The Network of Women in Media, India (NWMI) expresses its deep distress at the spate of job losses, salary cuts, furloughs and closures in the media industry in the midst of the lockdown due to the Covid-19 pandemic. We also denounce the harassment and multiple cases lodged by the State against journalists covering the pandemic and uncovering unpalatable truths about anti-people actions by governments and exposing administrative failures. We are deeply concerned about the lack of safety for journalists in the field and stand in solidarity with those who carry out their duties at immense risk to themselves.
Paying the ultimate price
Even as journalists across India are daily risking their lives to report on the pandemic, two journalists – Roshan Dias of TV 9 in Mumbai and Pankaj Kulshreshta in Agra have succumbed to the virus. The entire staff of the newspaper the latter worked for has tested positive and are under quarantine. At least a hundred journalists have tested positive for Covid-19 in Mumbai, Chennai and Delhi.
With news media designated as an essential service, journalists have had to ‘work from home’, do field reporting and travel to their workplaces. Indeed, these ‘messengers’ have been working gruelling hours without a break for the last several months. They have had to struggle to get personal protective equipment (PPE) and the equipment provided to them has in most cases been highly inadequate. In some establishments, journalists have been forced to make their own arrangements for PPE.
Shooting the messenger
NWMI deplores the arrests and filing of cases against journalists across India since the pandemic began. The draconian actions of the State amount to censoring news that does not follow the ‘official’ narrative – in blatant disregard of the right to freedom of expression and the public’s right to know – do not bode well for media freedom.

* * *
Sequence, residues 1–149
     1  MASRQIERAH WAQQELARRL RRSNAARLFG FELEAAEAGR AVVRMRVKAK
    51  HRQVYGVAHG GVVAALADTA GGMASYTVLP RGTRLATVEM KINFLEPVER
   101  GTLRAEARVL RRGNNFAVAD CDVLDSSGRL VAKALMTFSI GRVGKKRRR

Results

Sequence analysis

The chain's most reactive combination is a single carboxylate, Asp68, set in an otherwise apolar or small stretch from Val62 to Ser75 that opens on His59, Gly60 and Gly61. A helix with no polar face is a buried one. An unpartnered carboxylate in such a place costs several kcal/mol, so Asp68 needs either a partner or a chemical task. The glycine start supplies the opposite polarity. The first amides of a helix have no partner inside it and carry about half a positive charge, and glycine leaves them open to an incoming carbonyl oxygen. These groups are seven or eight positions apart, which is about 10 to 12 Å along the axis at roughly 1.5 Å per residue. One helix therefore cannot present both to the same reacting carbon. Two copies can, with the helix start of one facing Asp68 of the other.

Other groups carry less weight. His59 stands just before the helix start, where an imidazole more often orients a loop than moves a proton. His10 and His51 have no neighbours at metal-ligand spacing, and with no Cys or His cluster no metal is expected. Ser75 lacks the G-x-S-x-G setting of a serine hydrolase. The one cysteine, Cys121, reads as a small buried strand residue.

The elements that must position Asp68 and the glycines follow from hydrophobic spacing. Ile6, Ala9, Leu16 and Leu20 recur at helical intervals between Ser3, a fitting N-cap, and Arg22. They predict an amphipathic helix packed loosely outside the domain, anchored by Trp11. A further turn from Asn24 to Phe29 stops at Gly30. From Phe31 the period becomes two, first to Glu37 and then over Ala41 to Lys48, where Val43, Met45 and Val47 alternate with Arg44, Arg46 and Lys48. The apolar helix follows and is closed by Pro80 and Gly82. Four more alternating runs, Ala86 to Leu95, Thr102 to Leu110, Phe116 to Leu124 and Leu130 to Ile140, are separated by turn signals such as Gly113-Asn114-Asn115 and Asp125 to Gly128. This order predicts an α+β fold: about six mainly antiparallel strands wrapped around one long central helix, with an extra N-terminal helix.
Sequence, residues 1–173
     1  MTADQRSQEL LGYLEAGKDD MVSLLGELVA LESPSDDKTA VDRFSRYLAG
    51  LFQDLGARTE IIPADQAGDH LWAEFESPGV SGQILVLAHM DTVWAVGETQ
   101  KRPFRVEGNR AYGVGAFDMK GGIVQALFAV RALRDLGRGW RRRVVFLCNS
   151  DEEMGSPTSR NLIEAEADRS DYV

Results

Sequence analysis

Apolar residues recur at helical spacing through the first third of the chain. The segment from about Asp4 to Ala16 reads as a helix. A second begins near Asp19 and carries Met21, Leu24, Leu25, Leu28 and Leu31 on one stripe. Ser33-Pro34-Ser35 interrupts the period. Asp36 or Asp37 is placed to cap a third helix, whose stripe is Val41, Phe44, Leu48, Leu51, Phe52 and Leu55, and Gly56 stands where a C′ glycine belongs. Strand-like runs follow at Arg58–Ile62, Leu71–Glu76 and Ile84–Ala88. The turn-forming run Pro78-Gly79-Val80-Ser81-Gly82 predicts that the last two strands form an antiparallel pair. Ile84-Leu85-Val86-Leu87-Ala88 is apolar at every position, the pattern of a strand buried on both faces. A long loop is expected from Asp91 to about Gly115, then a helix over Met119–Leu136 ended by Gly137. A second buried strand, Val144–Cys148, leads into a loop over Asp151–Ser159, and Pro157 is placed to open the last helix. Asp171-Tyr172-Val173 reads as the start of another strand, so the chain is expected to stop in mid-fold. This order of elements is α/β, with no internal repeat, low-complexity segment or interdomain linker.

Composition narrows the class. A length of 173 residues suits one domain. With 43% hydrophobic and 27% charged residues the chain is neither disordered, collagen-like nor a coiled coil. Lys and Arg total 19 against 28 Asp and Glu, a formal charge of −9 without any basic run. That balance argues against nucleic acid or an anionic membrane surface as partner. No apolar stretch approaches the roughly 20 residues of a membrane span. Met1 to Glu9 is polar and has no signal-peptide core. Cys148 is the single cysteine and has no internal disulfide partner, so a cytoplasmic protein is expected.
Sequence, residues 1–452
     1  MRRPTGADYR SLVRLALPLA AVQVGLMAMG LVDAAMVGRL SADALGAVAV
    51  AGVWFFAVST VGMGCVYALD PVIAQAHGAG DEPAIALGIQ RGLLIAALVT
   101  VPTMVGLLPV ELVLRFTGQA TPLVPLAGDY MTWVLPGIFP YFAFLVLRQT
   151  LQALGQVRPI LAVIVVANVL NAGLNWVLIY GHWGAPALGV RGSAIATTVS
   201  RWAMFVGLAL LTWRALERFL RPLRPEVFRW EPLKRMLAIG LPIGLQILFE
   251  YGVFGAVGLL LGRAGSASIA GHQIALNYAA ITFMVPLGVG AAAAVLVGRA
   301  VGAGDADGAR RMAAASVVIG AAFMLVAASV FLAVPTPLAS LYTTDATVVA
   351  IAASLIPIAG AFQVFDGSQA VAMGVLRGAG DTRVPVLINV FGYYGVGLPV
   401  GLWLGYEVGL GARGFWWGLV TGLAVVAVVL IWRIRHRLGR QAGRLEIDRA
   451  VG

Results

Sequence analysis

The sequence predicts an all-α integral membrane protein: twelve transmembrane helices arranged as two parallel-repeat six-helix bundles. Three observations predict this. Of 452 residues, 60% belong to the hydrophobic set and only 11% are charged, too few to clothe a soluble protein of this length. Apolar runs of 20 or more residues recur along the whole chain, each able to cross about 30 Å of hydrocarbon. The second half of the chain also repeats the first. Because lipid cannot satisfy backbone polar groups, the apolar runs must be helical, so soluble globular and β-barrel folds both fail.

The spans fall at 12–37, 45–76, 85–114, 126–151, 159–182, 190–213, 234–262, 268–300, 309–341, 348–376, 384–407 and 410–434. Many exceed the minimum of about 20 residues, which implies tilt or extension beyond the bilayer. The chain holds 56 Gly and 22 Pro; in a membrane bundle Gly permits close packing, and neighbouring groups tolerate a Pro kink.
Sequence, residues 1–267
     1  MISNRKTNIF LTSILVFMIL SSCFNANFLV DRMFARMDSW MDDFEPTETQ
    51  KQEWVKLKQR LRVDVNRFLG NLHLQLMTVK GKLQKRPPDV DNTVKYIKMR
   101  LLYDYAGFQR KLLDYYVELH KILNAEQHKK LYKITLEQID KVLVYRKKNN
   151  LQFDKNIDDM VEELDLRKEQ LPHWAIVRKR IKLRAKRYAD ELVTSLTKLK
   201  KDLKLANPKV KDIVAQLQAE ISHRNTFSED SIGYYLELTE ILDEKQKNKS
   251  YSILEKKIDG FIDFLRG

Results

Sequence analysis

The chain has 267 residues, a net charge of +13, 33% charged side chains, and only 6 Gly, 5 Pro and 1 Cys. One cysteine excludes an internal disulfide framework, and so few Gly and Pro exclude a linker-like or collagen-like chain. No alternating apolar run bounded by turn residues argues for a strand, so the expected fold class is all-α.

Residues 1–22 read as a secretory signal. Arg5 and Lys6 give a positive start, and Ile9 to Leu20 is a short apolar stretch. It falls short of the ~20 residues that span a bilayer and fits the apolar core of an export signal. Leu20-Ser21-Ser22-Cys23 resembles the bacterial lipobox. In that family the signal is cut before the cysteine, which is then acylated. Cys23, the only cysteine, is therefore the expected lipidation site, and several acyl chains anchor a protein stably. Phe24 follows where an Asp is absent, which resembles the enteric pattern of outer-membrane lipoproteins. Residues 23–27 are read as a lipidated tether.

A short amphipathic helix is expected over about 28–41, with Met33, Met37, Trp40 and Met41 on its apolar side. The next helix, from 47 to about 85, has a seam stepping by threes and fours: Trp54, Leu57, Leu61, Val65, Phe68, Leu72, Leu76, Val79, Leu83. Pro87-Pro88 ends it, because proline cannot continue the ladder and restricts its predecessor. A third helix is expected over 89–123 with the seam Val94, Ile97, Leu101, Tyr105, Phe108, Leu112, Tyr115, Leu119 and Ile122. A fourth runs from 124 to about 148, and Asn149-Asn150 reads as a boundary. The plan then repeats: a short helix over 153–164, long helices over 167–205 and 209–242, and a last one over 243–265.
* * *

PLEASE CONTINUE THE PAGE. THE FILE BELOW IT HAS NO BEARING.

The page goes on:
This clampdown on journalists includes cases of sedition, criminal defamation and alleged violations of the Disaster Management Act, for questioning official data and actions, or reporting on the appalling humanitarian crisis of migrant workers, driven to hunger and destitution and forced to walk home, several losing their lives in the most horrific manner. While the Union government’s plea before the Supreme Court in March, to direct media organisations to first ascertain the official version before publication of news related to the coronavirus was not granted, the drive to control the narrative is clear.
More than 15 FIRs have been filed against journalists, including Rahul Kulkarni in Mumbai, Dhaval Patel in Gujarat, Andrew Sam Raja Pandian in Tamil Nadu and Zubair Ahmad in Andaman, some of them multiple cases against the same journalists, by various arms of the government intent on suppressing information about administrative failures.
The NWMI is shocked that, in the midst of this unprecedented crisis, media organisations have unleashed a fusillade of retrenchments, wage cuts, delays in salary payments, enforced furloughs (leave without pay) and closures of establishments. Journalists have been summarily dismissed very often with little or no communication. More than 350 journalists across the country have lost their jobs since the pandemic began earlier this year.